There is still plenty of scope for pig farmers to improve their efficiency — that’s the message that national genetics company, ACMC, will be delivering at the British Pig & Poultry Fair.
Nationally, the top 10 per cent of breeding herds are achieving 27.59 pigs reared per sow per year while the best 10 per cent of finishing herds are recording feed conversion figures of 2.21 between 36.7 kg and slaughter.
This compares with just 22.86 pigs reared per sow annually for the average in the BPEX Yearbook 2012-13. The BPEX average feed conversion for finishing pigs between 38.4 and 102.7 kg was 2.7.
“Although there are huge variables, including indoor and outdoor herds, there are clearly still opportunities to beef-up efficiency on many farms,” said Matthew Curtis, ACMC’s managing director. “We have calculated that with a British sow herd of 400,000 head these improvements could be worth as much as £220 million on a national basis.”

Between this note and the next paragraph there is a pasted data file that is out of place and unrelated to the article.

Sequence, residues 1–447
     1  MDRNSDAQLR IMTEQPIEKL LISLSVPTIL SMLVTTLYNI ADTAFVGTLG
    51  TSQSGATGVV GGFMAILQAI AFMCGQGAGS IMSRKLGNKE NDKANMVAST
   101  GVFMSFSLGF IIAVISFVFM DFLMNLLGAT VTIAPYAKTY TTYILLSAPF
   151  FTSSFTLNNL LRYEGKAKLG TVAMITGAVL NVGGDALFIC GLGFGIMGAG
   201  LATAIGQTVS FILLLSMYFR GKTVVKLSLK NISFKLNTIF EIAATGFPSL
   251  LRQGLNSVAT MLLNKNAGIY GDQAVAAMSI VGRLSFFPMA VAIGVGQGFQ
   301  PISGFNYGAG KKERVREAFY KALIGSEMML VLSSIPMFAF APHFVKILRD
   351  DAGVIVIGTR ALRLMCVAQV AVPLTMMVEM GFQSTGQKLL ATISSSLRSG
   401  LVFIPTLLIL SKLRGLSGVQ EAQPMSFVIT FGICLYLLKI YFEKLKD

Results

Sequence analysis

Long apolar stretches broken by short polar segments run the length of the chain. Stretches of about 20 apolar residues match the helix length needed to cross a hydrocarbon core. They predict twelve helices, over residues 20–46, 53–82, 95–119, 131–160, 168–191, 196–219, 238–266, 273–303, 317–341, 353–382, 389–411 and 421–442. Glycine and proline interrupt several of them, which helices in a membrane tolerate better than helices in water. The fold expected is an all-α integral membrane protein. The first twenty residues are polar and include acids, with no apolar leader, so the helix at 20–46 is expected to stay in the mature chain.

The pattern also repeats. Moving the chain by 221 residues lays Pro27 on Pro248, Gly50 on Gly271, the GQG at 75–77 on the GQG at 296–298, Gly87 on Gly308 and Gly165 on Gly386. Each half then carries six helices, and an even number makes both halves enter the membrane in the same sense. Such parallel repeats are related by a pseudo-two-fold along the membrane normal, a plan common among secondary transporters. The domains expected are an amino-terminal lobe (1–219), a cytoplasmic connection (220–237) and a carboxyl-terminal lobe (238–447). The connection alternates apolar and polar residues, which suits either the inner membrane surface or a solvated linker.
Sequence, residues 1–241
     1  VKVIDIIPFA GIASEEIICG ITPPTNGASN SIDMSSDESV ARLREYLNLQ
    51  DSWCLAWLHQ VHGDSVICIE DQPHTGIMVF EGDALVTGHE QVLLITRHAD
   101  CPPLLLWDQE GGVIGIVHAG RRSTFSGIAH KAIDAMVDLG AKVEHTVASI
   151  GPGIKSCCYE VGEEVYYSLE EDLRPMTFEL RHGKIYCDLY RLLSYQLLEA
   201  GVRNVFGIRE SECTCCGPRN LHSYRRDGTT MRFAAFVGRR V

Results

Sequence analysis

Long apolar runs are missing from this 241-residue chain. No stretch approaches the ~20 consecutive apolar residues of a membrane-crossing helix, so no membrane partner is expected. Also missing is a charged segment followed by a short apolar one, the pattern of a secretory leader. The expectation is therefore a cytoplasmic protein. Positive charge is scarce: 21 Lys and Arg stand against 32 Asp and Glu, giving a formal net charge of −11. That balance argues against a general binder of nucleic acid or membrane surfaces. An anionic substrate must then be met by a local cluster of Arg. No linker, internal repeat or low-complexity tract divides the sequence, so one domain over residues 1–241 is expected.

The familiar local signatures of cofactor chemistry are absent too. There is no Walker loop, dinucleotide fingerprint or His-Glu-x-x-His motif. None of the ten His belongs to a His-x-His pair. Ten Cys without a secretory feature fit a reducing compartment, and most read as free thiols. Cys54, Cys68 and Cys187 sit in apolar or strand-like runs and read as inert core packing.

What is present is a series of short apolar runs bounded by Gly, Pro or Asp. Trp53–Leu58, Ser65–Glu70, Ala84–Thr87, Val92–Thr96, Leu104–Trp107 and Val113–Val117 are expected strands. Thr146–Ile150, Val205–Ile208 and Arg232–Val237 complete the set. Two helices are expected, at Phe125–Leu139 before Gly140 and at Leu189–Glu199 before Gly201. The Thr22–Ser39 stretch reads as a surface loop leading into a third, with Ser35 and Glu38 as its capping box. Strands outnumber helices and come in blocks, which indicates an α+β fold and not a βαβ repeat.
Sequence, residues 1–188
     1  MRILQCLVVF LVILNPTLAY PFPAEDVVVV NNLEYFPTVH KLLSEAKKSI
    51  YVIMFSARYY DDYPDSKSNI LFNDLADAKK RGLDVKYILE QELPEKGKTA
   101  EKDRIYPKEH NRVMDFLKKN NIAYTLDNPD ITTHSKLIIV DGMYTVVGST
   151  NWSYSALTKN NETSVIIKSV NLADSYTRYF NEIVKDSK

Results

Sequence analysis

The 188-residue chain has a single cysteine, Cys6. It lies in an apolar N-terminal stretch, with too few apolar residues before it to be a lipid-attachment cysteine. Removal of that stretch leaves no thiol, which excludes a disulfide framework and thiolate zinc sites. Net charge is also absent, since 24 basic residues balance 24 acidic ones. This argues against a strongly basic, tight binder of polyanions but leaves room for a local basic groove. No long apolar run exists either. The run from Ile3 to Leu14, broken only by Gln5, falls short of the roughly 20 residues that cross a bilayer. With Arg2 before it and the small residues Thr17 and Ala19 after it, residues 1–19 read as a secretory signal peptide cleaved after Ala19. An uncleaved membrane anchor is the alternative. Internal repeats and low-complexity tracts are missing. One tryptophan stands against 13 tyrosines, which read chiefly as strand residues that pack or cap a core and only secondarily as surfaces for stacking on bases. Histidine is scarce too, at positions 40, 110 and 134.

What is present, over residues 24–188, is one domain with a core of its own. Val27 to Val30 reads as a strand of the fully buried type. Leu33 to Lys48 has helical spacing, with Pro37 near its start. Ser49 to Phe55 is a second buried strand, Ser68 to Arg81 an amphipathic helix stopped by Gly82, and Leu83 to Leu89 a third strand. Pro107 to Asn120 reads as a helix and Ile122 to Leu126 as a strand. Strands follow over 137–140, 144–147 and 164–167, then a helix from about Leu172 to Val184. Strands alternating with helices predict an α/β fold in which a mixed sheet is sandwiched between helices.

He warned that while pig producers have been enjoying reasonable prices over recent months, there is no room for complacency. With a strong pound sterling against the euro, there is going to be continued pressure from cheaper imports. “It is clear that with recent withdrawals by some organisations from the DAPP price reporting system, buyers are not keen to pay more than they have to for British pigs, despite the fact that consumers have demonstrated they prefer buying British.”
He also urged the industry to be vigilant against the twin threats of exotic diseases, African swine fever and PEDv. While imported meats probably pose a major risk, as an additional precaution, he has called for a temporary ban on all live pig imports. “Our island status gives us a natural advantage health-wise and we should do all we can to preserve that,” he commented.